Despite a large body of empirical literature on sexual satisfaction, its development over the course of a relationship is still unclear. Only a small number of studies, most of which have relied on cross-sectional data of convenience samples, have explicitly focused on relationship duration, and empirical evidence is mixed. We analyzed how sexual satisfaction changes over the course of a relationship using three waves of the German Family Panel study (pairfam). We concentrated our analyses on young and middle-aged heterosexual individuals in committed relationships (N = 2,814) and applied fixed effects regression models, which have the advantage of estimations based on changes within individuals over time. We found a positive development of sexual satisfaction in the first year of a relationship, followed by a steady decline. This pattern persisted even when controlling for the frequency of intercourse, although the effects were, in part, mediated by intercourse frequency. We explained the non-linear effect of relationship duration on sexual satisfaction with an initial learning effect regarding partner-specific sexual skills, which is then outweighed by a decline in passion at later stages of a relationship. Moreover, we found significant effects for the control variables of health status, intimacy in couple communication, and conflict style, as expected. In contrast to past research, however, cohabitation and marriage were not found to play a role for sexual satisfaction in our data. Further research is required to deepen the understanding of the reasons why sexual satisfaction changes with relationship duration.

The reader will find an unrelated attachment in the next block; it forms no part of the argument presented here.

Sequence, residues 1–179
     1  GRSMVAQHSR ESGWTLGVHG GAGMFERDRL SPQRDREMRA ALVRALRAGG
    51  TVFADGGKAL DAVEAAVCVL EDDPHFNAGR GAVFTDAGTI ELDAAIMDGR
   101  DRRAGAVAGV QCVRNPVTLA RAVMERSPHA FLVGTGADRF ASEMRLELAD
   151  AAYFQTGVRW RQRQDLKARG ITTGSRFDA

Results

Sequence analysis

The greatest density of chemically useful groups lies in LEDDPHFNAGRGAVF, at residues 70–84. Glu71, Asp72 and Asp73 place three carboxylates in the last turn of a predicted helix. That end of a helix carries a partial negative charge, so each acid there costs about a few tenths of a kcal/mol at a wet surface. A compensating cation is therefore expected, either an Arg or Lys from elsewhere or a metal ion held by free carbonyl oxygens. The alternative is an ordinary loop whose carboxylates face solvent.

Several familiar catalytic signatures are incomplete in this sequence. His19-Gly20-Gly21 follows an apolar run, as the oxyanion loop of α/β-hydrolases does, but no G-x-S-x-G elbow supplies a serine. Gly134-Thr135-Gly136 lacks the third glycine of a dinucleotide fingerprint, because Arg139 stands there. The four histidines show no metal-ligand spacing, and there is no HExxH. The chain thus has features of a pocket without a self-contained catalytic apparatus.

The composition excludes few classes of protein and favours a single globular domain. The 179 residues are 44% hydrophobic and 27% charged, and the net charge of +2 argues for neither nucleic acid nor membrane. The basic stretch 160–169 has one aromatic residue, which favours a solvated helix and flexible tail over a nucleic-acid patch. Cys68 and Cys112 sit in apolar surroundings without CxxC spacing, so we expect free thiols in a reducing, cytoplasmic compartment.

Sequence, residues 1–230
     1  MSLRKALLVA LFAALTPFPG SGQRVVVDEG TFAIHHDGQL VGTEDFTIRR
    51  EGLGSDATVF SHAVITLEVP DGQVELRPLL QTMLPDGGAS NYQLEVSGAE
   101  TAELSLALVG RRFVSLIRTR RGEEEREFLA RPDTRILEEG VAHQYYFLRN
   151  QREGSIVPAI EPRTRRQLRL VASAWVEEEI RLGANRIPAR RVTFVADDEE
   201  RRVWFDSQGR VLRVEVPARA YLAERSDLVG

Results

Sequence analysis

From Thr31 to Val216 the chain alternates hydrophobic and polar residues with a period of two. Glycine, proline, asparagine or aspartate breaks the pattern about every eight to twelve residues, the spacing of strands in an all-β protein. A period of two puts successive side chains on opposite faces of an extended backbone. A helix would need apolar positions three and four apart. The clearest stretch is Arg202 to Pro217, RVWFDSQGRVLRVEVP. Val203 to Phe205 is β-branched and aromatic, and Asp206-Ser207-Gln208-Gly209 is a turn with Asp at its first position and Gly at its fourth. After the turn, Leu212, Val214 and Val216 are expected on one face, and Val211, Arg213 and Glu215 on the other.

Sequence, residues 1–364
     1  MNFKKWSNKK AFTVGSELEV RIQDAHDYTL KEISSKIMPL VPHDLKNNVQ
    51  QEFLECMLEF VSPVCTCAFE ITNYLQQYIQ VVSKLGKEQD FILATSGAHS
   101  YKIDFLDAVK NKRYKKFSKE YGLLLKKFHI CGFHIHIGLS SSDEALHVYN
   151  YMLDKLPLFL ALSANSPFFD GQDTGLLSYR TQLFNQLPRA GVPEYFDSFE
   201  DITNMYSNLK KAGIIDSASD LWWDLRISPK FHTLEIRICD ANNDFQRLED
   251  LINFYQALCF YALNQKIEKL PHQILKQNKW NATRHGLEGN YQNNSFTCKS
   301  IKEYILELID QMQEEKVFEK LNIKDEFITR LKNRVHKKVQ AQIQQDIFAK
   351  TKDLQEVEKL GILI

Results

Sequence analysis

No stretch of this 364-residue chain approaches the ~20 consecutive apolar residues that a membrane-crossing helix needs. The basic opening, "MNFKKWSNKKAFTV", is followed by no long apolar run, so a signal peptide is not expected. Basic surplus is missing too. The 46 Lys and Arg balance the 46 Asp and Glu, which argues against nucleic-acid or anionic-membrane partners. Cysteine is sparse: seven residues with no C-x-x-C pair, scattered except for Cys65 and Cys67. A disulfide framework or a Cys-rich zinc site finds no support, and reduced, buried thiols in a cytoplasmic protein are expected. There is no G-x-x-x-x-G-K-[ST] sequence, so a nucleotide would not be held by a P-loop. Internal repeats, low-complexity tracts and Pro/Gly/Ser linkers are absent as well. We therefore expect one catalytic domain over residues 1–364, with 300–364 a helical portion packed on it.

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We lost 174 persons due to inconsistencies (e.g., if the reported duration of marriage was greater than the reported duration of the relationship). Further, 258 persons were lost due to missing values in the dependent variable and an additional 358 due to missing values in one of the independent variables.
Time-constant variables can only be incorporated in a fixed effects model as part of an interaction with a time-varying variable (e.g., when modeling gender-specific age effects).
This result held also when only relationship duration, both partners’ age, month of interview, and wave was controlled for (not shown).
In the models in Table 2, we do not distinguish between male and female age but included only one variable for the participant and the partner, respectively. But allowing for differences between men and women did not yield significant results either.
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We are grateful to Klaus Pforr for his advice in methodological questions. This article used data from the German Family Panel (pairfam), coordinated by Josef Brüderl, Karsten Hank, Johannes Huinink, Bernhard Nauck, Franz Neyer, and Sabine Walper. pairfam is funded as long-term project by the German Research Foundation (DFG).
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Schmiedeberg, C., Schröder, J. Does Sexual Satisfaction Change With Relationship Duration?. Arch Sex Behav 45, 99–107 (2016). https://doi.org/10.1007/s10508-015-0587-0
- Sexual satisfaction
- Relationship duration
- Learning effect
- Panel analysis